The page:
OLNEY, Md. (DC News Now) – There’s a new baseball team in Olney.

In its first season, Cropdusters Baseball in Olney of the Cal Ripken Collegiate Summer Baseball League, is the league’s newest and maybe most fun team too.

“To have a baseball team in Olney, five minutes away, a ten minute drive,” Olney resident and Cropdusters season ticket holder Carl Baumbach said. “It brings the community together.”

The Cropdusters bring what they call a new “vibe” to the league. Fans can watch games sitting on a hay bale, kids run the bases and take part in other events on the field during the game and can even play cornhole with members of the team during the game. The team has alternate uniforms that look like their wearing overalls.

“The league already has three other teams in Montgomery County and I think we eventually could have the biggest attendance,” Cropdusters founder and team president Tony Korson said. “We want to make baseball fun here. We want to pay homage to the Olney community and the agriculture this 225 acre plot used to be a farm.”

Korson is a Montgomery County native himself, growing up in Bethesda, where he was an All-Met baseball player at Whitman high school. He played college baseball at Florida Gulf Coast University. Korson played in the Clark Griffith League, that merged with the Ripken League, for the now defunct College Park Bombers.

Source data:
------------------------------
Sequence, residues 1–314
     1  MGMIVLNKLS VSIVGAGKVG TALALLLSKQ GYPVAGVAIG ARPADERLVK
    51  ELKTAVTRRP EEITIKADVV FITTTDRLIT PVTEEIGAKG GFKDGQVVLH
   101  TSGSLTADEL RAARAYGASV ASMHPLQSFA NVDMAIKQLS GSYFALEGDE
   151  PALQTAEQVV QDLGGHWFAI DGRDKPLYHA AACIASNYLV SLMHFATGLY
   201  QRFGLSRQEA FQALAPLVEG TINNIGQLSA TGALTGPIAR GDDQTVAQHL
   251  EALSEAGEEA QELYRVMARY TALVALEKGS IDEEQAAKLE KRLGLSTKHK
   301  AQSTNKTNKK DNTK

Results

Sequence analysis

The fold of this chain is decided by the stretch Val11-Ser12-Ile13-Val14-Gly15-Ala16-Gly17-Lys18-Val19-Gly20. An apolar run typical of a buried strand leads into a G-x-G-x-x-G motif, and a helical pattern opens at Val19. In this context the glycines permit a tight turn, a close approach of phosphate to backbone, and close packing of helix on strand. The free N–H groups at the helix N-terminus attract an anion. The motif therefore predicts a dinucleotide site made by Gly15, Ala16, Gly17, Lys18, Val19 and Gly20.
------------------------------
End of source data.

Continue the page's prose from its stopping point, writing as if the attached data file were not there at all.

Korson and his team in Olney are excited to provide more local college aged baseball players with a chance to play in Montgomery County.

“I feel like every other place is just kind of stock, there’s nothing to it,” Cropdusters first baseman Mike Bouma said. “I feel like Olney kind of brings that farm, homegrown country land and I think it’s awesome.”

Bouma, who starred at Sherwood high school, is a rising senior at the University of Maryland. The Cropdusters roster includes more than a dozen players from the state of Maryland and three Sherwood graduates: Bouma, Towson rising sophomore pitcher Brett Seils and Frostburg rising sophomore pitcher Ben Vok. Seils won he 2021 state championship with Sherwood, the team repeated as champions this year.

“It’s literally just like I’m 12-years-old again, playing five Minutes from your own house,” Bouma told DC News Now. “A bunch of my family, a bunch of my friends live around here. It’s really awesome that they can come and see me play play.”

Involving fans in the experience and bringing in local vendors, the Cropdusters hope to connect with the community on and beyond the baseball diamond.

“You know add a little couple things in there to get the crowd involved,” Seils said. “Trying to make it fun again for people to come watch baseball.”

The team plays at OBGC Community Park and its venue will receive upgrades soon. The team received a $1 million grant from the state to improve the stadium. Korson says they plan to add seating for 450 people, along with lights and other additions in the near future.

“We really want to be in high demand and provide a great experience for the players, the fans,” Korson said. “And the community is going to benefit.”